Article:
Kaya Sthairyam


The following is an extract from a page written by my yoga master, Master Mani. I must say that he is the most dedicated and unassuming gentleman that I have known. Only if there are many people who is as selfless and unselfish as him, this world would be such a great place, filled with peace, harmony and joy all round.

This is what Master Mani wrote about the first practice of the Dharana series. “Dharana” means “Meditation”.

Kaya Sthairyam is a practice of concentration on the steadiness of the body. In Sanskrit, the word, “kaya” means “body” and “sthairyam” means “steadiness“. Because of the inter-relation between the body and the mind, when the body becomes steady and still, the mind follows suit. Therefore, each of the body is absolutely steady and immobile should the actual dharana practice begin.

It is also important that the mind remains one-pointed only while the body is still. As soon as any part of the body moves, the mind also moves, Thus, the concentration is broken and once broken, it cannot be attained again in the same sitting. During pratyahara practices, one can move the body. One can shift position, one can even get up and then come back to the practice. In dharana, however, one cannot move a finger, bat an eyelid or even swallow without breaking concentration. Before attempting the practices of dharana, kaya sthairyam must first be mastered. One should be able to sit without moving any part of the body for at least half an hour, then one will be ready to begin the practices o dharana.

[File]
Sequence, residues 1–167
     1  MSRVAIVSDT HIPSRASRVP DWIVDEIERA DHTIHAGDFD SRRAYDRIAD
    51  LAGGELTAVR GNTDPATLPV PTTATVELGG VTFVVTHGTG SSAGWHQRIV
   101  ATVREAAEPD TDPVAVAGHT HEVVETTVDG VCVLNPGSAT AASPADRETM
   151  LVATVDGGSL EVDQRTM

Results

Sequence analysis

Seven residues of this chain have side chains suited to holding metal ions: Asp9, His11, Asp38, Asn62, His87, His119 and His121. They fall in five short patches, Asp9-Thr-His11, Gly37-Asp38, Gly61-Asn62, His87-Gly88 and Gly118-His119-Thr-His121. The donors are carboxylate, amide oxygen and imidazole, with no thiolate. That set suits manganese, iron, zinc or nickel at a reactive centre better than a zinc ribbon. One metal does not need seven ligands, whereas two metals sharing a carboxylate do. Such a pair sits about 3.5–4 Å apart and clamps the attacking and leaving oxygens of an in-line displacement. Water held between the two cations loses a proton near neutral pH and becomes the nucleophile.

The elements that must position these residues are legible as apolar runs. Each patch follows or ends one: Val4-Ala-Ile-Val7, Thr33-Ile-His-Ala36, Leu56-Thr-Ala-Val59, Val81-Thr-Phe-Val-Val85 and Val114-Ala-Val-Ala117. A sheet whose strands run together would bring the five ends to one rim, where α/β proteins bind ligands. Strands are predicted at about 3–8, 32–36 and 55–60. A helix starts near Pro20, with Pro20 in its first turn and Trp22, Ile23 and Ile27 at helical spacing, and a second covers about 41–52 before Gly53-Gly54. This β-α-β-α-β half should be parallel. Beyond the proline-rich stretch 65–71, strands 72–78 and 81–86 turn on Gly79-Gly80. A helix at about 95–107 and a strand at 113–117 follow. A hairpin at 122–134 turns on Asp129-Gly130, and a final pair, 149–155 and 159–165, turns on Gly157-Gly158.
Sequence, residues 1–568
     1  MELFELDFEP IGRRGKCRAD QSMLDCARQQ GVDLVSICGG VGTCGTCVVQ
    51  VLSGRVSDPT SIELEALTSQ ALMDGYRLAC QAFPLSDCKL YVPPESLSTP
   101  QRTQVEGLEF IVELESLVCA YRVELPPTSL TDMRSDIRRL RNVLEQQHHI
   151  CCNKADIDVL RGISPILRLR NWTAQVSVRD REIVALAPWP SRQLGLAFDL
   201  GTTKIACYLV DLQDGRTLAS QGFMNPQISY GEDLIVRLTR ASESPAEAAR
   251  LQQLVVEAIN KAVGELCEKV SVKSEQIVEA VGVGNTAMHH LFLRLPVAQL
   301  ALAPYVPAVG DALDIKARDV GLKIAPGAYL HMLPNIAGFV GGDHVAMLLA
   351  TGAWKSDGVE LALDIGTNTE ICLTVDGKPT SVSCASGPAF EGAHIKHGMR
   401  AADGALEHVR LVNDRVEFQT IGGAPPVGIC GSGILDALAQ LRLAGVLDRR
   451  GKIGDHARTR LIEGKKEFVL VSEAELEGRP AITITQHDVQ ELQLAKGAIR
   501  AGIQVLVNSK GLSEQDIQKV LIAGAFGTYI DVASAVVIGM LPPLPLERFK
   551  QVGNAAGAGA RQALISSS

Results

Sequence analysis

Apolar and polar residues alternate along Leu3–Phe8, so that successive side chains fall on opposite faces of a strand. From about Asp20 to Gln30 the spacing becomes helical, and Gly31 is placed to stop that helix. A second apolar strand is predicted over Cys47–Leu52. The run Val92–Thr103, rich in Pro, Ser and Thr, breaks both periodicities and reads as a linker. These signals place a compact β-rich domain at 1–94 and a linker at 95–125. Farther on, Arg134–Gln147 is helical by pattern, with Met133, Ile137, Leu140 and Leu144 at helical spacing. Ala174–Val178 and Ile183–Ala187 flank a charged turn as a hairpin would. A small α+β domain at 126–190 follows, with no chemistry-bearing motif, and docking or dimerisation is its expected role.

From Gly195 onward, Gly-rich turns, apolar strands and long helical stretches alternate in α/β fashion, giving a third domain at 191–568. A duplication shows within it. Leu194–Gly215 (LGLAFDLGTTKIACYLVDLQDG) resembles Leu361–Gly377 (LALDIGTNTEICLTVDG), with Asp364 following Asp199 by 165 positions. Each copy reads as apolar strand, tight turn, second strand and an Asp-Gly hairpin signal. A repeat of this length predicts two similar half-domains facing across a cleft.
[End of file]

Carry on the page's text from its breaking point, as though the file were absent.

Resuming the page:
In the initial stage of kays sthairyam, the body should be comfortable and relaxed in the meditation posture. Later on, as immobility develops, the physical awareness will gradually subside as awareness of stillness increases. At this time, the concentration is shifted from the body to the natural breath. So that the mind still has focus. Ultimately, the awareness of the breath also subsides so that there is oly awareness. A that time, one is ready to begin dharana.

With awareness, that is steady, still and unhampered by the body, one must begin to concentrate on the object of meditation. If dharana is attempted with an unsteady body and fluctuating mind, no benefits will result from the practice even if one perform it for a hundred years. The only result will be tension, frustration, and a broken mind. Therefore, give one’s attention to the preparatory practices in the beginning. Master Kaya Sthairaym and thereafter, one will be able to proceed with the practices of dharana without obstacles.”